'It was overdue,' says 1st female elected as FFAW vice-president
Doretta Strickland reflects on first year on executive board
It's been a year of learning, lobbying and making history for Doretta Strickland, the first woman ever elected as a vice-president of the Fish, Food and Allied Workers union in its near half-century of existence.
"I thought it was overdue for a woman to bring their perspective to the FFAW," said Strickland, who became the union's vice-president of its industrial, retail and offshore sectors in August 2018.
"It was time for a woman. I think people realized that."
Strickland said a flood of female support helped propel her to the position. The FFAW says 30 per cent of its approximately 15,000 members are female, with women making up about 24 per cent of fish harvesters and 45 per cent of its industrial sector members.
So far, Strickland said the executive council — on which four other women also sit, in junior positions — has proved to be a positive experience.
"We are all equal on that executive board. We all get a chance to speak," she said, adding the FFAW supports women in positions like the one she's in now.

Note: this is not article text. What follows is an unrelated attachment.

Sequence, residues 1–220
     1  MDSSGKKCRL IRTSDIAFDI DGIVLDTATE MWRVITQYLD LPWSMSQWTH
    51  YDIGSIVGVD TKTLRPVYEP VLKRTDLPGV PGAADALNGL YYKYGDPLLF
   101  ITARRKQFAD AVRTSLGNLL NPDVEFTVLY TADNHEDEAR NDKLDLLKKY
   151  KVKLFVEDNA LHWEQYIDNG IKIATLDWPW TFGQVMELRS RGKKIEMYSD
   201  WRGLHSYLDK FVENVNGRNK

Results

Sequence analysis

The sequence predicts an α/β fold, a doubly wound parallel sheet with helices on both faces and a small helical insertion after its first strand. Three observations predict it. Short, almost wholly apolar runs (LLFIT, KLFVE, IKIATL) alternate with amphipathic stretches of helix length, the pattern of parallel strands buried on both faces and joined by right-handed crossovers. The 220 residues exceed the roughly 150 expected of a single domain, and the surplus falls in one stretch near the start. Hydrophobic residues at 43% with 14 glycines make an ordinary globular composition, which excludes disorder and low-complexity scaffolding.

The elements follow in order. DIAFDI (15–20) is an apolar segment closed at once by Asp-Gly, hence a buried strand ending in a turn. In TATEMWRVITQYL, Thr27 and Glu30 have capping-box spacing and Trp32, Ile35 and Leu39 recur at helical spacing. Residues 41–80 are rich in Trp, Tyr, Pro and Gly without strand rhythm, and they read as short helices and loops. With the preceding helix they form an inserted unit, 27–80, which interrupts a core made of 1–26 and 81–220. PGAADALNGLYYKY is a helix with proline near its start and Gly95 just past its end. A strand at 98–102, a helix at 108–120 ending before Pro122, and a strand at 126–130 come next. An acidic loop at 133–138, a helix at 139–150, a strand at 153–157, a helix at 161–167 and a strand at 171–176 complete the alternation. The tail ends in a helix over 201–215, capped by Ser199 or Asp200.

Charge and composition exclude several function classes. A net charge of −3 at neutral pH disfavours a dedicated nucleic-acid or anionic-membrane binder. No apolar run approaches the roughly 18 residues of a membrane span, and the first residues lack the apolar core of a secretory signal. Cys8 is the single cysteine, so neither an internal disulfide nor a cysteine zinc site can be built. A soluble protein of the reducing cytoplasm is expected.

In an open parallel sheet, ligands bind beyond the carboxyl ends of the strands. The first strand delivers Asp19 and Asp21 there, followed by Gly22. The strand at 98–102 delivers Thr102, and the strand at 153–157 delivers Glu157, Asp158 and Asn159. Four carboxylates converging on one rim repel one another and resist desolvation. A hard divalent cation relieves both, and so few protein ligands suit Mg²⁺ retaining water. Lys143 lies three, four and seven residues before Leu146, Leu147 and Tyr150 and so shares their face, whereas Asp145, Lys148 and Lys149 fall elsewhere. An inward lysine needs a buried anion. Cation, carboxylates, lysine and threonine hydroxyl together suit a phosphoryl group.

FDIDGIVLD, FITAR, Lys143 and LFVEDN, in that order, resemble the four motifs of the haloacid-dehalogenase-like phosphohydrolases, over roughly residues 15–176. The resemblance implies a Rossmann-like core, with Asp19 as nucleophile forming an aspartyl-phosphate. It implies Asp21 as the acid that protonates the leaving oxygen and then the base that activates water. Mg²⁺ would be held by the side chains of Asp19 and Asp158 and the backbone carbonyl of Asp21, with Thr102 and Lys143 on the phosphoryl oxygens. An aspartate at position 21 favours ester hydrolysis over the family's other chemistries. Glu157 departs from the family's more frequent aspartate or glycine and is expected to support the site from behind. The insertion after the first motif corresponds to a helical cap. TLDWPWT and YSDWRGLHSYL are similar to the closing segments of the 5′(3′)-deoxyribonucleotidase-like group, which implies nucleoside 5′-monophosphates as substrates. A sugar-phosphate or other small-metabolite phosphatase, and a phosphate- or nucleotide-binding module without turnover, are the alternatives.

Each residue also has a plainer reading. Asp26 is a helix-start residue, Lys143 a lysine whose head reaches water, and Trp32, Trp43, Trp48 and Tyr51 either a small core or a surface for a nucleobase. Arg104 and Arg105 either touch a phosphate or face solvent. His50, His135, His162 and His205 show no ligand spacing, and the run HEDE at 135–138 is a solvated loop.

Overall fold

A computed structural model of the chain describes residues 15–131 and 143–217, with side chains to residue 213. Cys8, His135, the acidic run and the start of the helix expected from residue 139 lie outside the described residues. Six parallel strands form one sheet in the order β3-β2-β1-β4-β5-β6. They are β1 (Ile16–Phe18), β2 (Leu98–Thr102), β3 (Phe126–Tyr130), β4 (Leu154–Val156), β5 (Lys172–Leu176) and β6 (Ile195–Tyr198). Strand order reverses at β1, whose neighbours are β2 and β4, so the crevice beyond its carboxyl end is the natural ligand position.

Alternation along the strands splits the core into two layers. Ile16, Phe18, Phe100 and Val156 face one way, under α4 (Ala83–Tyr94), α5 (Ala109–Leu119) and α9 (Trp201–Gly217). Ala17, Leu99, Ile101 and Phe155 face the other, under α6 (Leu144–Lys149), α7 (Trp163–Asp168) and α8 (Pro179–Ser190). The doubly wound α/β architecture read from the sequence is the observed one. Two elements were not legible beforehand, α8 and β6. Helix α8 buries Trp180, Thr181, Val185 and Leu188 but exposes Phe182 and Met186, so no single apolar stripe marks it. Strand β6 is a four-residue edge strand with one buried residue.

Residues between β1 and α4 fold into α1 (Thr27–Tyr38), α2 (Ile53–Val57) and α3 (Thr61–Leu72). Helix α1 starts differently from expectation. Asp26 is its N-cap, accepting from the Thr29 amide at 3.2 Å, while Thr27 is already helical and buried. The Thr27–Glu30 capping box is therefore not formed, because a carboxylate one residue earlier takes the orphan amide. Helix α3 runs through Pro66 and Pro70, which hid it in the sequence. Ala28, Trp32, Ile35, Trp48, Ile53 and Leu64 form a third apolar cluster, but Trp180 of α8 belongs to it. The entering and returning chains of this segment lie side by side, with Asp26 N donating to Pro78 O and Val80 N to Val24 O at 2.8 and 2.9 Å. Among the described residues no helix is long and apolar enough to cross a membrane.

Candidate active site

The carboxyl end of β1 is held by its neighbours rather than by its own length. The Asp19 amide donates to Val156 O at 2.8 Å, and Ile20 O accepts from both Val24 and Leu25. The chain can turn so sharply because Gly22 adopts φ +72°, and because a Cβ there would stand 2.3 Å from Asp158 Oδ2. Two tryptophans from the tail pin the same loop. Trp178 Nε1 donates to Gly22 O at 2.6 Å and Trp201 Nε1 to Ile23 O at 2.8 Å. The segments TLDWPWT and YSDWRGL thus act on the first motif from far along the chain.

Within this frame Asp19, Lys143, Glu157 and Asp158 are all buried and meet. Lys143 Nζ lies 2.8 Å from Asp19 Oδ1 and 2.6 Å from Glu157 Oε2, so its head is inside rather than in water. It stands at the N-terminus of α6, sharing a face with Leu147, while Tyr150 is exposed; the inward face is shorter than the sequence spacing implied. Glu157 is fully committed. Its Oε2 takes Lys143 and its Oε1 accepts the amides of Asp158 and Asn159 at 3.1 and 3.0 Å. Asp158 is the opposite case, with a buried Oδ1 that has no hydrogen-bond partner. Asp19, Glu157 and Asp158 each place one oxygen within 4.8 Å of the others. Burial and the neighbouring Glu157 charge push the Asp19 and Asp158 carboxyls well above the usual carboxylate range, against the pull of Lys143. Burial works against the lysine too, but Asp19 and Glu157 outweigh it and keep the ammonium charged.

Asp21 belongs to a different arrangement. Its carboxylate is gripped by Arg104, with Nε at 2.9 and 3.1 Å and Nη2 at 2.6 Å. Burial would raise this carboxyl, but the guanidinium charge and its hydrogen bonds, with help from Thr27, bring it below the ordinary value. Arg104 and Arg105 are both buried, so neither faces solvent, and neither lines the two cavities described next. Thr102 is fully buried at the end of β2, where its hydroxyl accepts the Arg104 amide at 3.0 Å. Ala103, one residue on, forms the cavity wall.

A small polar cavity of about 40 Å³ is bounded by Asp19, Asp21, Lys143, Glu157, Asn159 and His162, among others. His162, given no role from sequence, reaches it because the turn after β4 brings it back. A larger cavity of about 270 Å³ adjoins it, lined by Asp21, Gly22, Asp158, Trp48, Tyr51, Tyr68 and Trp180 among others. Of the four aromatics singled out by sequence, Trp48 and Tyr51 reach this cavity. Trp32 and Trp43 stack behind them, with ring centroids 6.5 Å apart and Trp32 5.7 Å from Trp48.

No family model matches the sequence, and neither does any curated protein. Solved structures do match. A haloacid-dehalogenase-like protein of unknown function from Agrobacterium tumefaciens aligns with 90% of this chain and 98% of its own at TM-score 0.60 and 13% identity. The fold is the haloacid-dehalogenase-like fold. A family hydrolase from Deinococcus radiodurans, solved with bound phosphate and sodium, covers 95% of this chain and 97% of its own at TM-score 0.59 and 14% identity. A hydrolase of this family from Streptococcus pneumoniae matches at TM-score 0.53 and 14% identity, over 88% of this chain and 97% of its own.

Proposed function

FFAW-Unifor members are gathered in Deer Lake today for another Regional Women's Meeting <a href="https://twitter.com/hashtag/nlpoli?src=hash&ref_src=twsrc%5Etfw">#nlpoli</a> <a href="https://t.co/Y1LFf4DXj7">pic.twitter.com/Y1LFf4DXj7</a>—@FFAW_Unifor
'A force to be reckoned with'
Strickland, from Triton, has worked in fish plants and has a long history of union involvement at the local level. As vice-president, she's currently fighting for processing plant workers to get their own safety council to address concerns such as shellfish occupational asthma.
That condition is caused by exposure to airborne matter generated during shellfish processing, and can cause breathing problems, rashes and red eyes. She said it mostly affects women as they make up the majority of plant workers.
"They got trouble breathing, they got trouble sleeping at night. You're tired, you don't have the energy to even eat your supper when you get home at night," she said.
I believe we should all work together.- Doretta Strickland
She has also taken part in recent union meetings aimed specifically at female FFAW members, and is using her leadership position to encourage other women to put their names forward.
"We're a force to be reckoned with,"
Strickland opposes the challenge the Federation of Independent Sea Harvesters is attempting to make to the province's union landscape.
FISH-NL is in the midst of a membership drive to attract enough support to challenge the FFAW to represent the province's inshore harvesters. The FFAW currently represents those harvesters, as well as fish plant workers and other sectors.
Strickland said she believes in co-operation, rather than division.
"I believe that we should all work together, because if we're all together, we get things done," she said.
With files from CBC Newfoundland Morning